Over the quarter of century that has passed since the beginning of the market reforms, Russia managed to gain a more solid stance in the global economy. However, during that time Russia could not completely abandon archaic social forms like those of power-and-submission or “limited access order” as in the D.North’s concept. The article analyses how the social patterns, replicating themselves, limit the opportunities for the transition to the new stage of economic development that does not predominantly rely on the access to the oil-and-gas or administrative rent, but the one that is based on productivity and efficiency growth.
The article analyzes Russian social inequality on the basis of data of domestic and international statistics and expert assessments. It introduces the terms “negative” and “positive” socio-political stability, exploring the relationship of present social inequalities with each of these types of stability. The author concludes that in the current situation the country’s development is on the way of “negative” stability, which creates serious risks of Russia’s entering an open socio-political crisis. The possibilities of avoiding the unfavorable scenario are discussed.
The article analyzes the current tendencies of economic development of Russia from the point of view of their influence on the social situation of the population. It examines the main risks that could affect the deterioration of this situation and possible consequences of their realization. The conclusion is that the social model, which is characterized by very high potential adaptability and does not motivate people to move to nationwide open protests, continues to operate in Russia. Only elite groups of Russian society can become the source of radical change provoked by growing economic problems.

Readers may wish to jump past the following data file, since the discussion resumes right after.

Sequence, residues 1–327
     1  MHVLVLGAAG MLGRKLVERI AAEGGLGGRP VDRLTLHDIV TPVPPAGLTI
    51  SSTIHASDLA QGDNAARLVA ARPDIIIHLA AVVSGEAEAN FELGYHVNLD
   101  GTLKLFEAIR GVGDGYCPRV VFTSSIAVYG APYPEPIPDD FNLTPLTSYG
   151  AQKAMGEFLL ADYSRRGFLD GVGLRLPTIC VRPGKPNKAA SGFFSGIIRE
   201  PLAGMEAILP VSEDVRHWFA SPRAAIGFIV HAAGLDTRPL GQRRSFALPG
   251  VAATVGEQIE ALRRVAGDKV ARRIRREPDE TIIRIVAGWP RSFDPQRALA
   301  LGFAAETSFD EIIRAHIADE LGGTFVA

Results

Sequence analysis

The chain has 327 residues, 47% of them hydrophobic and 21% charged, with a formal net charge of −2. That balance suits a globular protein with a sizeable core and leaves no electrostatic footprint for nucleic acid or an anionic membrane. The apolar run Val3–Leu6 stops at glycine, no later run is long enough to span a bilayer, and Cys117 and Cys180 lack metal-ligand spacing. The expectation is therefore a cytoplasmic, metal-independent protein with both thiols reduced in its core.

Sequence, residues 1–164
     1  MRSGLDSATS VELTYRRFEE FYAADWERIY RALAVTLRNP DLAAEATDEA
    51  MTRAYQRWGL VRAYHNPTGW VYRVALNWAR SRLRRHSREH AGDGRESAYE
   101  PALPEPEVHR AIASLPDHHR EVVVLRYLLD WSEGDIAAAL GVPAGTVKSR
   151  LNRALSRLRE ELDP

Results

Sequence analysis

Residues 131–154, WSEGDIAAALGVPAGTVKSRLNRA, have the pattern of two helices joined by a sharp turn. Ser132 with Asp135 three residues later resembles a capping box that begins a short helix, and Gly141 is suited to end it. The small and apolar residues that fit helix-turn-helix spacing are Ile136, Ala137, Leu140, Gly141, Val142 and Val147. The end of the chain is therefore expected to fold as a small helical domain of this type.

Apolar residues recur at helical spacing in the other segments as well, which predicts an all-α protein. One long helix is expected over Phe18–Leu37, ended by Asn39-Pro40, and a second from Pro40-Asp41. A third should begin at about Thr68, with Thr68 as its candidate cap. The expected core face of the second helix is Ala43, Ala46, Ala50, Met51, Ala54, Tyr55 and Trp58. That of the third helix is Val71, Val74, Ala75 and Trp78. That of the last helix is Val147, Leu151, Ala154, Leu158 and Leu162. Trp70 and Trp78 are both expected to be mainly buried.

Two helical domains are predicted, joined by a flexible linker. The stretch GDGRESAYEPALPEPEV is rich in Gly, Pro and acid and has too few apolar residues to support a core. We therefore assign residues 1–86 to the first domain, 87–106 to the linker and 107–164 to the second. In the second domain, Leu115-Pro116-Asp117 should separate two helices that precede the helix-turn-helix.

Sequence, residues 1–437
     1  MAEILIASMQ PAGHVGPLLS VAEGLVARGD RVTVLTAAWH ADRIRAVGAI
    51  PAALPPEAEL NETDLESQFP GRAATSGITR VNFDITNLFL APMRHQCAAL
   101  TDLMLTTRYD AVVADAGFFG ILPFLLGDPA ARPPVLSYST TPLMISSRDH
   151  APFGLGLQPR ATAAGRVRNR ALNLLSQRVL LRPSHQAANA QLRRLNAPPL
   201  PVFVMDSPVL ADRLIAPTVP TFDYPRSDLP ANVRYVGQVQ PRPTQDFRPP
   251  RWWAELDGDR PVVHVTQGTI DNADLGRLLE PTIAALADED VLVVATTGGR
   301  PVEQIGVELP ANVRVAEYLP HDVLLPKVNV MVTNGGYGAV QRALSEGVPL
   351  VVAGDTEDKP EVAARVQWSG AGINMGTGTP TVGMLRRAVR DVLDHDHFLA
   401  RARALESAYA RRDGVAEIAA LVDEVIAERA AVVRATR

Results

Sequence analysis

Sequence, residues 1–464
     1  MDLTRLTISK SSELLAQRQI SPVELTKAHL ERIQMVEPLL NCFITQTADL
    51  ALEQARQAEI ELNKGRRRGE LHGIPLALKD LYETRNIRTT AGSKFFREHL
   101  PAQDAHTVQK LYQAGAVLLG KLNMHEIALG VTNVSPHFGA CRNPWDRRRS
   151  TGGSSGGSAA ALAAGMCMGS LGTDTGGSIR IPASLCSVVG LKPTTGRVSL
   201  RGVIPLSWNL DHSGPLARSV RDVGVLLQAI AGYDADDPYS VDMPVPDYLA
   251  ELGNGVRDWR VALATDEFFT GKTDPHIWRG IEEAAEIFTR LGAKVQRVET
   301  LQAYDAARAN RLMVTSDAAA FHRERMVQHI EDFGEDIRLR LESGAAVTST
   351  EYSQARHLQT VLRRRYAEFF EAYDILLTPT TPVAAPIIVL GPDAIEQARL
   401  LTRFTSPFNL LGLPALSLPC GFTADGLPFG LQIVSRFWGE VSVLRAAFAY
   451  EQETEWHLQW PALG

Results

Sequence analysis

This article discusses changes in the structure of world trade and the features of integration of Russian economy into the global exchange of goods and services. There is an increasing competition on global markets of goods and services that require high-skilled labor. During the last two decades, the structure of Russian export has not gained positive diversification shifts and comparative advantage in high value added goods. The article discusses the following problems of Russian trade policy: an overestimation of traditional sectors’ export potential, a lack of attention to the problems of integration into global value chains and international industrial cooperation, and an untapped potential of fast-growing medium-sized companies. The agenda of prospective Russian trade policy might include a transition to a broad interpretation of trade policy oriented towards long-term structural changes in the economy and a change in the positioning of sectors in global value chains, combined with measures to develop human capital and institutions, determining the further formation of the service sector.
This study considers the influence of structutal change to aggregate labour productivity growth of the Russian economy. The term “structural change” refers to labour reallocation both between industries and between formal and informal segments within an industry. Using Russia KLEMS and official Rosstat data we decompose aggregate labour productivity growth into intra-industry (within) and between industry effects with four alternative methods of the shift share analysis. All methods provide consistent results and demonstrate that total labour reallocation has been growth enhancing though the informality expansion has had the negative effect. As our study suggests, it is caused by growing variation in productivity levels across industries.